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  • One note at a time

    My latest project is learning Satch's "Always With Me, Always With You" by ear.  One of those tunes I always liked, but never learned.  I thoguht it'd be a good challenge for my ear - not so hard I can't do it, but not so easy I can do it without some work..

    For some of the faster sections I have to listen to the same tiny 1/2 second lick 50 times before I really hear it.  What's been working is just getting ONE note (first, last, or one that's being held a bit longer) in my ear and building forward or backward from there.  Also, just listening to the rhythm of the lick - get the rhythmic pattern without worrying about what the notes are.  That's actually a better first step.

    Spent more than a few minutes with the right hand on the mouse, clicking the 'start position' of a lick, with my left hand on the fretboard, trying to figure it out over and over (and over)...

    Interesting journey.

    Multiple award winning blues/rock/country at http://www.zeyerband.com or http://www.reverbnation.com/zeyer.Check my solo (instrumental rock) projects at: http://www.reverbnation.com/vincedickinson"Music is like the English language - it's just full of rules that need to be broken or you aren't hip.""It doesn't take talent to upgrade your playing. It takes patience" - Kenny Werner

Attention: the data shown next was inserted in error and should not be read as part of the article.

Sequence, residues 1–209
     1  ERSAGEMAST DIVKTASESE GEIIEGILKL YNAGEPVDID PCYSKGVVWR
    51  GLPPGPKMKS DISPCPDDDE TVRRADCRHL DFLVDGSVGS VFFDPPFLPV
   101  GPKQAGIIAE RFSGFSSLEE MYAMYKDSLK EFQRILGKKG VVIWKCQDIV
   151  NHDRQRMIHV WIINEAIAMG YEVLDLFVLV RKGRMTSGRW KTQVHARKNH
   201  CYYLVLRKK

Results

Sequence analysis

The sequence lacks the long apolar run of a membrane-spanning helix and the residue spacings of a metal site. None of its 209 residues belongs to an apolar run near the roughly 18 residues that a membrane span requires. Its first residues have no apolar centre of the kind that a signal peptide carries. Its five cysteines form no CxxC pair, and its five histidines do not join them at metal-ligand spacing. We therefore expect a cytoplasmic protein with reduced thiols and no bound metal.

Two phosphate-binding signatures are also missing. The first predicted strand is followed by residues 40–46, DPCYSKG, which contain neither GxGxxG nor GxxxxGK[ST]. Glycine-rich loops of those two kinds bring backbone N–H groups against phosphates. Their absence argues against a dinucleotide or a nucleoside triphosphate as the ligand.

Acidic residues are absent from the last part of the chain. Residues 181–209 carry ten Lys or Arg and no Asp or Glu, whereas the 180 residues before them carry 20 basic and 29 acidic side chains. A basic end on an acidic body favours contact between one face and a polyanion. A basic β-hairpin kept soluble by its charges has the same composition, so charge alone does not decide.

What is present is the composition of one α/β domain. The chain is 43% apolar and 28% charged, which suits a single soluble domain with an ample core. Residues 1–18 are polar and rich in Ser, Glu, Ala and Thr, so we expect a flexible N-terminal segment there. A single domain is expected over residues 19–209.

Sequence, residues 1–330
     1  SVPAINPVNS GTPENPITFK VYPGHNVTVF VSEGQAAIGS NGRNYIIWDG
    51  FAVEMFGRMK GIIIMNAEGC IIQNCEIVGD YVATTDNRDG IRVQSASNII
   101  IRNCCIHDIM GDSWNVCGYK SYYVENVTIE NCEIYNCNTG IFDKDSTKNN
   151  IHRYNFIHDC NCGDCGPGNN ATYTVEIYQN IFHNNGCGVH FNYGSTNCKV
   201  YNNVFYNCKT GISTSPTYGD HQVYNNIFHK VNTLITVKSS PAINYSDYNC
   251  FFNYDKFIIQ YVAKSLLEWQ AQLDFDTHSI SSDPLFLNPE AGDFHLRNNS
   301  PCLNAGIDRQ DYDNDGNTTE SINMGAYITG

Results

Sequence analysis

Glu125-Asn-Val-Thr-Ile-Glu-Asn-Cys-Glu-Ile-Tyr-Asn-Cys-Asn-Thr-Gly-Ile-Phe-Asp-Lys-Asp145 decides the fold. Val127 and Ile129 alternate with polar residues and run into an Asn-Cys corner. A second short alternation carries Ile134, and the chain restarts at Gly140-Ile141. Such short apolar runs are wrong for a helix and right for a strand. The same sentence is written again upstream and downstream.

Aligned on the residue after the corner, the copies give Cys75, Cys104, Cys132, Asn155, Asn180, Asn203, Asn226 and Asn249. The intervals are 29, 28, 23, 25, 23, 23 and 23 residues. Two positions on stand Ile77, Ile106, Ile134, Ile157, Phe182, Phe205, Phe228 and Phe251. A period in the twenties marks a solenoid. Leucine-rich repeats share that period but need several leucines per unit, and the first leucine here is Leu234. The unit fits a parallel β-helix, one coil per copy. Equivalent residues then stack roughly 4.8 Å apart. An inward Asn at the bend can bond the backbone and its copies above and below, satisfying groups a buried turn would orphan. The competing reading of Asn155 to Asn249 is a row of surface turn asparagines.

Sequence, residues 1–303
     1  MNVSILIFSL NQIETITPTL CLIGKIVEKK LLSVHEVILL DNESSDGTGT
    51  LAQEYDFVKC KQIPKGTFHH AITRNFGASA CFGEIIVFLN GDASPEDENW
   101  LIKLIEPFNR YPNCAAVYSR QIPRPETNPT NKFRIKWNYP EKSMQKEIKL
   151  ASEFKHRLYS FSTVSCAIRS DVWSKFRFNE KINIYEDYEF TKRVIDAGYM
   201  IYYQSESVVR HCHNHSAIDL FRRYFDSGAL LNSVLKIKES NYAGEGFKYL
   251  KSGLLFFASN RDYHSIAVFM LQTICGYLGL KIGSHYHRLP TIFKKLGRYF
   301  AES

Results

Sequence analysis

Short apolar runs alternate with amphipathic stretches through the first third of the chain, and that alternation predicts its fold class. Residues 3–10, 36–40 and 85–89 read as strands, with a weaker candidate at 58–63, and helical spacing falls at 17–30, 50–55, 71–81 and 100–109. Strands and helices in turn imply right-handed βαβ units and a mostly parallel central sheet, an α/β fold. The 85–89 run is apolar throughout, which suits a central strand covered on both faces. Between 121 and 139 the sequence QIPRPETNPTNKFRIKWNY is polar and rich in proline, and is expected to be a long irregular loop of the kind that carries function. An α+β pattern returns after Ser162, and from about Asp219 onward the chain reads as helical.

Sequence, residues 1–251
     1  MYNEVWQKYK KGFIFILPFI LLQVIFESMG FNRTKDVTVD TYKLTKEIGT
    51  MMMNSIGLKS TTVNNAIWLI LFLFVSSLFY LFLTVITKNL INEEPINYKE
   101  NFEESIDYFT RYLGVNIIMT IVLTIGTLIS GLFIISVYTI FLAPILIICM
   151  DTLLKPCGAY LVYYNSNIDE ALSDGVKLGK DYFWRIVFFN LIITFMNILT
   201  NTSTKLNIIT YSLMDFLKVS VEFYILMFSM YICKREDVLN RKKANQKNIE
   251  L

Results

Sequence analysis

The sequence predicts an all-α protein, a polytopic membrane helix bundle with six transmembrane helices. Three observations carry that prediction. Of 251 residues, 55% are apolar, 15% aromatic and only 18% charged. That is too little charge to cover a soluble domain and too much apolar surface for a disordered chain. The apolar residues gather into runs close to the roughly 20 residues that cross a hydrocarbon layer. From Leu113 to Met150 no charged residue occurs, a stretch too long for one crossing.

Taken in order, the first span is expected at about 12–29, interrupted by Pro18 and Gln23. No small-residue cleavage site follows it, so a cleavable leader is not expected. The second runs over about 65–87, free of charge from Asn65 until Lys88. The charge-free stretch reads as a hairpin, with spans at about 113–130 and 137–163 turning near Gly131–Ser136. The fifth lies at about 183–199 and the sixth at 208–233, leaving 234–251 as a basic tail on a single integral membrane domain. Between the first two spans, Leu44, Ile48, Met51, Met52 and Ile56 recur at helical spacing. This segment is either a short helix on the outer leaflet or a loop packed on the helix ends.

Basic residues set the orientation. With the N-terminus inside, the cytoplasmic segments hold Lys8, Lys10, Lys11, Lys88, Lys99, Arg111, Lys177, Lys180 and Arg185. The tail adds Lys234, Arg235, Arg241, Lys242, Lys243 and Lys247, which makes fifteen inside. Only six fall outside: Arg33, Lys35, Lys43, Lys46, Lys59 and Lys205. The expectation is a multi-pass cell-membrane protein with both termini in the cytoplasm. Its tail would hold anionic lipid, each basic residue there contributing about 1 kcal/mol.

• #2

    You could make it easier on yourself (but maybe less "interesting", less "challenging") by using a slowdowner, esp one that lets you loop easily.

    I always use Transcribe for this kind of thing, even when I could do it at full speed - because I like to be really sure, as well as save time.

    http://www.seventhstring.com/

    Of course to actually play it (once learned), you need to run it at full speed.

    ...

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    • #3

      I use Transcribe, too.  My computer crashed and I had to buy it again.  I have been working on the Hotel California solo and was doing the same thing.  Transcribe allows you to loop the same part over and over and you can slow it down.  You can also eq out the lows, but I usually don't do that.

      http://www.reverbnation.com/thedubiouscapture

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      • BydoEmpire
        BydoEmpire commented
        Editing a comment

        Trying not to use a slower-downer, but we'll see how it goes on some of the faster parts later on.  I'm not opposed to it if my ear just can't get it after a good faith effort

        Not sure how I'd have faired on this if i had to lift the needle on the record player to hear a lick again.  It'd take me a lot longer, but I'd probably have a better ear... trying to find the balance...



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